(Note: This post is primarily about the intersect between the raid/rescue model & NRPFesque policies in the context of DV and the shape which laws governing the field could be made to assume in the future.)
Indian trafficking law is a complex mix of constitutional law guaranteeing the impermissibility of the practice of human trafficking, criminal law, and labour law. It is consolidated nowhere but finds mention piecemeal across a number of statutes.
Criminal laws in the field have tended to try to protect trafficked persons (questionably, sometimes from themselves by refusing to acknowledge their ability to consent to acts in relation to themselves) while labour laws have generally tended to attempt to realise the hope of being able to engineer a more equitable society through the instrumentality of the law (with varying degrees of success, to put it mildly).
In consequence, Indian law has not thus far single-mindedly pursued a strategy of removal and rescue. That strategy is largely the brainchild of Western neo-abolitionism developed in consonance with philanthro-capitalism, and it can easily manifest as indentured labour redux with state complicity.
In its earlier avatar, the horrors of supposedly-legal indentured labour practised by colonial powers were experienced by colonised peoples particularly after the nominal abolition of slavery. In contemporary times, the model in vogue doesn't promote forced, unremunerated labour quite as blatantly. Instead, trafficked persons may be removed from the environs they find themselves in, ostensibly in support of their human rights, following raids possibly conducted by law enforcement. However, despite such removal, the country in which trafficked persons are rescued may not force traffickers to pay them adequate reparations or afford them adequate rehabilitation opportunities itself.
Even if traffickers are jailed, at the micro level, retribution devoid of reparation does not immediately help trafficked persons to rebuild their world. And, at a macro level, non-payment means that, if the trafficked persons have crossed international borders and are subsequently deported (of course, at state behest), the money which they should have been paid likely remains in the country in which those who trafficked them have benefited from their unpaid labour, the country in which they were ostensibly rescued. Due to this, the “fight against modern slavery” could this easily resurrect one of the least appealing facets of what was once the coalition of colonialism and capitalism: forced, virtually unremunerated labour extracted from the world's least privileged people.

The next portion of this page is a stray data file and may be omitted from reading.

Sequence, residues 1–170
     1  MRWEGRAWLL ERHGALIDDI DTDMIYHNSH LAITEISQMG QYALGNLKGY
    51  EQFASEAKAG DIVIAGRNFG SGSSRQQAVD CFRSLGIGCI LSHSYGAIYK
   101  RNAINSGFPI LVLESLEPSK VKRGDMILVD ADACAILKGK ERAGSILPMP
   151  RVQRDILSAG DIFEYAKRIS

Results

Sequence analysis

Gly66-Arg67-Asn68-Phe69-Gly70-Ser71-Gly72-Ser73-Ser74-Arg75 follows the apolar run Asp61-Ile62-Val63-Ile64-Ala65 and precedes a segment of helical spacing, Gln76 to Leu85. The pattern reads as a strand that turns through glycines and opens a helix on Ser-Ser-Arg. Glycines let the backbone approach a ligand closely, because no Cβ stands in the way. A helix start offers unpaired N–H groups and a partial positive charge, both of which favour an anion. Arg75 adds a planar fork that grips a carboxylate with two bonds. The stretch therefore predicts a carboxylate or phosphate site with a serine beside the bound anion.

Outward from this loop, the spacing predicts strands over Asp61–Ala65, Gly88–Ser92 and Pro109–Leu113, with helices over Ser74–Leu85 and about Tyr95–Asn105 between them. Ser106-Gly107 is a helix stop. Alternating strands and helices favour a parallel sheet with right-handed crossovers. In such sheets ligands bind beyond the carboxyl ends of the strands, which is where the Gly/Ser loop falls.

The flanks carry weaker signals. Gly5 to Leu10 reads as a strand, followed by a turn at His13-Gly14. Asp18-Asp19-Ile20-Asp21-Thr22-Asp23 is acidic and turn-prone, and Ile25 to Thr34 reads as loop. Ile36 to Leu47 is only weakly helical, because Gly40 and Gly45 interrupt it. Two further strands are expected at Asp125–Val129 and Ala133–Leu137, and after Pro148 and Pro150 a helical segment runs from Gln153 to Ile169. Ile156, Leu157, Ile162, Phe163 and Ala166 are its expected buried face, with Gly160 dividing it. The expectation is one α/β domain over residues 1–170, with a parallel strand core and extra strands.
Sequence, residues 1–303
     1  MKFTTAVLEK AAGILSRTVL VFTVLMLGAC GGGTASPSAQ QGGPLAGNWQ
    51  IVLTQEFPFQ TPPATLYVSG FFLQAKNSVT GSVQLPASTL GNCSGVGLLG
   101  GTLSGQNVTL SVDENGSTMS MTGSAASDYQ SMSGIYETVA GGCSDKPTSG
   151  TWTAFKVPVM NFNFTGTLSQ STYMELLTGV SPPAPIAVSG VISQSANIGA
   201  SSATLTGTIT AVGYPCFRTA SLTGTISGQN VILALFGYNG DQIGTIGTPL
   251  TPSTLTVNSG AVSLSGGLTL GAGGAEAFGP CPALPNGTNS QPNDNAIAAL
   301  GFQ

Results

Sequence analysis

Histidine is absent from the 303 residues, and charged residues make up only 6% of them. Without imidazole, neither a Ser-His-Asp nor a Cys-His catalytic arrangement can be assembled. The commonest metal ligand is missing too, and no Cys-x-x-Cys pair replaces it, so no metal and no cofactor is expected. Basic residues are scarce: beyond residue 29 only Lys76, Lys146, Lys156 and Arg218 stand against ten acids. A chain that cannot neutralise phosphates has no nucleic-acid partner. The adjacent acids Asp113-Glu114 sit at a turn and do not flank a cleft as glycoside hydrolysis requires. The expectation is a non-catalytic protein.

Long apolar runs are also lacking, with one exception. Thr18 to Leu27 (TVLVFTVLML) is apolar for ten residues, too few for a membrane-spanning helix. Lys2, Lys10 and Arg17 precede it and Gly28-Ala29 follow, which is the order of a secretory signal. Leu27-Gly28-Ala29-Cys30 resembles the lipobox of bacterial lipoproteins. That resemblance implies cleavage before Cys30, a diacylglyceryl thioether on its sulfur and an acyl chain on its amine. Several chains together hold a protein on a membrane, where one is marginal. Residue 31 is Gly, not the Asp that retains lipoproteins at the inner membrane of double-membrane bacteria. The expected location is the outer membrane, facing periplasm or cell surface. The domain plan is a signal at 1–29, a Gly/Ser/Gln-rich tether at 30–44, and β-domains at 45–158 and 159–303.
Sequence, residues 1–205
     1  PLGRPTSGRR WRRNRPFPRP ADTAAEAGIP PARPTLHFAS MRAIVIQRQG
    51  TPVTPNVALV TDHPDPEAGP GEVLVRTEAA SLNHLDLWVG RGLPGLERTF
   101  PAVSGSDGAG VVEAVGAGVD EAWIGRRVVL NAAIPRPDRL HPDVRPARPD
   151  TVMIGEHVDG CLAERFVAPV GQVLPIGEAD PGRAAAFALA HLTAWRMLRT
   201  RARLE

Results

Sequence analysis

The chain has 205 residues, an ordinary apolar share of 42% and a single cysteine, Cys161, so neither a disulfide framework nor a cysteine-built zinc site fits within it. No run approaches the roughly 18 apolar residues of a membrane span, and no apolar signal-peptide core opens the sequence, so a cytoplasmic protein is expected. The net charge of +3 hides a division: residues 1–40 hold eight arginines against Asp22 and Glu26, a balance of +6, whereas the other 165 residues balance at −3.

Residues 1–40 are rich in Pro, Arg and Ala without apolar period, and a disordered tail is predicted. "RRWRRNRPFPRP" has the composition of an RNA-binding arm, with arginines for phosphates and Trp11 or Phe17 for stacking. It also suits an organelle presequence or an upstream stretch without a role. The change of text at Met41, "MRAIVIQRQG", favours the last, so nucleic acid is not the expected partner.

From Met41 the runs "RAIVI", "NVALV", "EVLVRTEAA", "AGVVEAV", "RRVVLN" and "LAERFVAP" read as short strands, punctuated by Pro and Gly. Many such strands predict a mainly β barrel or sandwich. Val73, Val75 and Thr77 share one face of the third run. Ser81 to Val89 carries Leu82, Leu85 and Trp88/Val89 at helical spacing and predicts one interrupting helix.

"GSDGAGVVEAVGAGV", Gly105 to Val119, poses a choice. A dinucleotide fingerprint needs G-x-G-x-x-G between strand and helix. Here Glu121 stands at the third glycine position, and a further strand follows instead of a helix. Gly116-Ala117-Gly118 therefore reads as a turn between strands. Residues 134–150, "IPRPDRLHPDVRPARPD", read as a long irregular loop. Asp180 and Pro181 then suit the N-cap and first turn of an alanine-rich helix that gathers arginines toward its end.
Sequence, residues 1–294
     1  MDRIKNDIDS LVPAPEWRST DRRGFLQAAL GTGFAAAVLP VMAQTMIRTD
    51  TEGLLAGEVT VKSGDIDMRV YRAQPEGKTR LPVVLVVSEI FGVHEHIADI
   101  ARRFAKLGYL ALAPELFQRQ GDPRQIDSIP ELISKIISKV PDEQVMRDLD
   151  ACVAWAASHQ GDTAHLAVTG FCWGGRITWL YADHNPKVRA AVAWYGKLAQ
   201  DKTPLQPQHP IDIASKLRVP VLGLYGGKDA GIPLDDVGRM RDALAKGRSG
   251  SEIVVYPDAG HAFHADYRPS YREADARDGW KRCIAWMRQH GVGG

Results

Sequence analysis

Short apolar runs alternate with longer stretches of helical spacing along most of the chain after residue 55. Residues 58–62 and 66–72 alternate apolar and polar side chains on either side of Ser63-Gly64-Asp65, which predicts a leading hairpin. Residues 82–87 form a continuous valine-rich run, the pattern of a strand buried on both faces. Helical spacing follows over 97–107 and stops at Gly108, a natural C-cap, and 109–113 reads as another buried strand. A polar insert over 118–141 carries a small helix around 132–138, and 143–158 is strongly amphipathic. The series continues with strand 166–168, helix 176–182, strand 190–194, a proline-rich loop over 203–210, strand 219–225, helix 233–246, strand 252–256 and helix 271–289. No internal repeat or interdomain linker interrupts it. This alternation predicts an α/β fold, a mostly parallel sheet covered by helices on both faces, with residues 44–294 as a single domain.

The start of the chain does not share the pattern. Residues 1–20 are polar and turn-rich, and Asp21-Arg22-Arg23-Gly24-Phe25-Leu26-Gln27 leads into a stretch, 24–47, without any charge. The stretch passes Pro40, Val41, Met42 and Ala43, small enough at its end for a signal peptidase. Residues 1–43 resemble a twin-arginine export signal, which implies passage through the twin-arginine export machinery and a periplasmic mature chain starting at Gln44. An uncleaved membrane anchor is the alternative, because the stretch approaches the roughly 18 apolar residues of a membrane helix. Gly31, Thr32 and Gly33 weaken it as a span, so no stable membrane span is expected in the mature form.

The problems which the raid and "rescue" model can potentially cause become exceptionally clear if persons are trafficked across international borders by those with whom they share a domestic relationship. This is simply because, should such trafficked persons report abuse and not have the necessary paperwork to remain where they are being abused without their traffickers’ aid, far from receiving support, they could well find themselves being deported perhaps to another abusive situation. And, so, the model could well disincentivise abused persons from reporting abuse and force them to endure in horrific conditions. In effect, the model has the potential to result in states setting up Rape and Assault Facilitation Services in the name of anti-trafficking operations or in lieu of immigration and border forces whether or not that is their intention.
Even where domestic violence isn't part of the equation, a person forced to work in a factory, for example, may be far better served by strong labour laws and, if required, sympathetic immigration laws which ensure humane conditions and fair pay for work should they want to continue working instead of being “rescued” and bring deprived of a job and, possibly, what little safety they have in the process. This chance that there could be alternatives to being “rescued” that trafficked persons may prefer is one which the largely-Western crusade against “modern slavery” has almost consistently failed to recognise much less facilitate.
Together, neo-abolitionism and philanthrocapitalism tend to exhibit enthusiasm to uni-dimensionally measure the success of anti-trafficking measures by counting "rescues" in the field of the messy, uncountable complexities of human life. What they display a distinct lack of enthusiasm for is the prospect of engaging with individuals, valuing their lives, listening to individual aspirations, and attempting to accord respect to the desires humans beings at the individual level so as to facilitate the best possible outcomes for them, outcomes which may not involve what could well be ham-handed rescues.
Unfortunately, the lines of thought which support the raid and “rescue” model have not been entirely contained within the West. India's proposed law on trafficking appears to pay homage to it. One can only hope that better sense prevails and that Indian strategies to address trafficking do not sink to the level of merely counting supposed rescues.